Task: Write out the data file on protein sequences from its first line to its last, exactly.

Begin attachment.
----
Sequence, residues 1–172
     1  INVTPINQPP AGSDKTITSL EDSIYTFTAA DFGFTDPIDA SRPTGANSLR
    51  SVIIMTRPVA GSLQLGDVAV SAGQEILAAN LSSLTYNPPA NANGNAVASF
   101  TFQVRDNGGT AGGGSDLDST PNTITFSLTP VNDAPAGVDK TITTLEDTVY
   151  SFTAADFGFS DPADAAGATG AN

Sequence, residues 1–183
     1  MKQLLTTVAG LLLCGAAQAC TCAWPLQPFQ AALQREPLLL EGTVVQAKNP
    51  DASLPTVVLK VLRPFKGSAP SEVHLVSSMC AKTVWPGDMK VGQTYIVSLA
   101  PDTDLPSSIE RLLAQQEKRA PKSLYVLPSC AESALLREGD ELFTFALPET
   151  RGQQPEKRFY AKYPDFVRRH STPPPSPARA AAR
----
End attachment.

Sequence, residues 1–172
     1  INVTPINQPP AGSDKTITSL EDSIYTFTAA DFGFTDPIDA SRPTGANSLR
    51  SVIIMTRPVA GSLQLGDVAV SAGQEILAAN LSSLTYNPPA NANGNAVASF
   101  TFQVRDNGGT AGGGSDLDST PNTITFSLTP VNDAPAGVDK TITTLEDTVY
   151  SFTAADFGFS DPADAAGATG AN

Sequence, residues 1–183
     1  MKQLLTTVAG LLLCGAAQAC TCAWPLQPFQ AALQREPLLL EGTVVQAKNP
    51  DASLPTVVLK VLRPFKGSAP SEVHLVSSMC AKTVWPGDMK VGQTYIVSLA
   101  PDTDLPSSIE RLLAQQEKRA PKSLYVLPSC AESALLREGD ELFTFALPET
   151  RGQQPEKRFY AKYPDFVRRH STPPPSPARA AAR